Complete EHR Certification and Module EHR Certification

In a recent discussion I had, someone brought up a really interesting question about module certification to me. Obviously, proving that you use a certified EHR is quite easy if you just use one EHR software that’s a complete certified EHR based on the ARRA guidelines. Then, you can fitfully say that you use a certified EHR.

Even this isn’t that confusing if you use one complete EHR software for everything, but say ePrescribing. Of course, the ePrescribing vendor would need to be certified for those modules, but you can easily show that both are certified EHR and you use all the modules.

The questions start coming in when you start to talk about module EHR certification when you just purchase parts of a software. Let’s say you purchase only part of a certified EHR software (ie. no ePrescribing and no Patient Portal). You don’t purchase those 2 modules since you already use other software to match those needs and their certified for those modules.

The problem with this scenario is how do we know that the main EHR software that you purchased has all of the certified EHR functions if you never purchased two major components? How do we know that the ePrescribing component actually also did some other part of the EHR certification that wasn’t part of the ePrescribing module certification?

Of course, you could easily argue that it doesn’t really matter because if you’re able to show meaningful use with what you bought, then does it matter if your combined EHR software with the other modules wouldn’t technically have passed an EHR certification? It absolutely doesn’t matter. In fact, that’s exactly why EHR certification is a shameful waste of money and time. If I can meet the meaningful use guidelines using a typewriter, then who cares if the typewriter is certified or not?

Moral of the Story (since this isn’t one of my clearest posts): This whole idea of modular certification is going to be messy.

About the author

John Lynn

John Lynn

John Lynn is the Founder of the HealthcareScene.com, a network of leading Healthcare IT resources. The flagship blog, Healthcare IT Today, contains over 13,000 articles with over half of the articles written by John. These EMR and Healthcare IT related articles have been viewed over 20 million times.

John manages Healthcare IT Central, the leading career Health IT job board. He also organizes the first of its kind conference and community focused on healthcare marketing, Healthcare and IT Marketing Conference, and a healthcare IT conference, EXPO.health, focused on practical healthcare IT innovation. John is an advisor to multiple healthcare IT companies. John is highly involved in social media, and in addition to his blogs can be found on Twitter: @techguy.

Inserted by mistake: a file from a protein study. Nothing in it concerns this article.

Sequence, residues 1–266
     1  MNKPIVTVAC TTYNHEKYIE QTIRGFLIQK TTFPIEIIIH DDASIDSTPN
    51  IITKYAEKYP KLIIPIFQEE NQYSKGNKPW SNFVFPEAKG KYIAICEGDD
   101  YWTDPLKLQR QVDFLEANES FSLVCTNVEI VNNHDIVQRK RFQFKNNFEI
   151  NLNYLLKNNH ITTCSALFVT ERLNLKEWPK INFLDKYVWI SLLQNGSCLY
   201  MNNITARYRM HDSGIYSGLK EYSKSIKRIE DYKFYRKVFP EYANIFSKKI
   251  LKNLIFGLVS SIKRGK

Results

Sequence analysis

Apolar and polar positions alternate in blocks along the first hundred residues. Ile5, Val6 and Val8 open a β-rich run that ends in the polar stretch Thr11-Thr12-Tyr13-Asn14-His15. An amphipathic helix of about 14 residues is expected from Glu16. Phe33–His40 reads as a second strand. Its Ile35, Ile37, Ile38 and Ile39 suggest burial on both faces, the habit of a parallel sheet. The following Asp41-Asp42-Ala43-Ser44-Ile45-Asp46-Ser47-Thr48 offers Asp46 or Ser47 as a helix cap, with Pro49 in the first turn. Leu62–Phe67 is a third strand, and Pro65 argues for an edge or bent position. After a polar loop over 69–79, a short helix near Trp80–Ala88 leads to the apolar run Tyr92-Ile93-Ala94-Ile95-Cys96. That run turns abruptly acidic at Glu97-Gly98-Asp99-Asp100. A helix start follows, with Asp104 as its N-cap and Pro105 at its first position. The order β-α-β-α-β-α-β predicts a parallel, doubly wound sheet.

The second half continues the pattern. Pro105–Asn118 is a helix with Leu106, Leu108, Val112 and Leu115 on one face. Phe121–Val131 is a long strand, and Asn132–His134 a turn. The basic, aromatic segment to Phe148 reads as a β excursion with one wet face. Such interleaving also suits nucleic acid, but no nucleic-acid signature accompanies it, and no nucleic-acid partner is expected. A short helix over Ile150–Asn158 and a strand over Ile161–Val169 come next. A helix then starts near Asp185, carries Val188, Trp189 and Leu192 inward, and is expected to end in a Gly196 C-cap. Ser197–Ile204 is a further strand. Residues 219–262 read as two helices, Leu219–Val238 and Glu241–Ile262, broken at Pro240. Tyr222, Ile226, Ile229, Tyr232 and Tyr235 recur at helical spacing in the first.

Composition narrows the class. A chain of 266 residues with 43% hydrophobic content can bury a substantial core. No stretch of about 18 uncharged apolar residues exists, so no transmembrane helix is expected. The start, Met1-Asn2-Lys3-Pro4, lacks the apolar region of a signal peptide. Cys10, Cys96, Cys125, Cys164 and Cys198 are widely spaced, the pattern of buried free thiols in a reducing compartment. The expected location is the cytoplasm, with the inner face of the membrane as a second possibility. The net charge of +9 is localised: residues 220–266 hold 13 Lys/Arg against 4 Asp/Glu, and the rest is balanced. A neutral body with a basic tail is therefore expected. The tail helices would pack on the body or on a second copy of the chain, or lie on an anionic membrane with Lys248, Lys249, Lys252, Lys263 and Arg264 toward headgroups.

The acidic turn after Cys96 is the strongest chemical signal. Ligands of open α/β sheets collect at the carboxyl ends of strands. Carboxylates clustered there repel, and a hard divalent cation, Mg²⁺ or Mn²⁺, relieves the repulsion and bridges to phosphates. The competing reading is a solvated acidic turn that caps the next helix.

6 Comments

  • They didn’t call it The Stimulus Act for nothin’.

    Objective is to incentivize docs with carrots and sticks to get them to spend a whole lot more money up front to buy an EHR from real big HEIT companies that donated lots of money to the ‘hope and change’ candidate in the 2008 election.

  • Taking it for what its worth, ONC is trying to do its best to streamline or at best vet out the vendors so that there is a baseline set. Modalities and processes may be questionable; but the intent by itself is the right one. Recently we went through the certification process; it was a detailed process alright. Yes; they are still not ready to test the interoperability to the extent it needs to be tested. But overall, I should say they did a diligent job at testing various aspects of the solution to make sure it meets the requirements.
    Its the first step; obviously the re-testing in 2012 will add more rigor and the testing bodies will have more time to develop test scripts further.
    As some of you might or may not agree, Health IT is where financial IT was in the 80s. A long way to go; we have to make a start somewhere. ONC has done its best to start the process.
    Could it have been done better; always. Nevertheless a start.

  • Anthony,
    I agree that ONC seems sincere in their efforts. At least the folks that I’ve met have been that way. It’s just unfortunate that I believe most of the efforts are directed the wrong direction and so they provide little tangible benefit to doctors.

  • “It’s just unfortunate that I believe most of the efforts are directed in the wrong direction”.

    Right John … that’s a problem.

    Academics, government bureaucrats, and professional legislators know nothing about how to incentivize business other than throw money sorta at it or beat it with as stick.

    I notice how many Administration officials are now running back to academia where they came from. They probably think that they know how things work now and will go back to the classroom and their tenured position they took a leave of absence from and write more papers.

  • Don B has it exactly right. I believe that they are trying to get rid of small and solo practice PCPs. They will try to force the PCPs and Specialists into large clinics and to be employed by hospitals and large medical groups. The personal relationship between doctor and patient is going to be gone…better enjoy it while we can…

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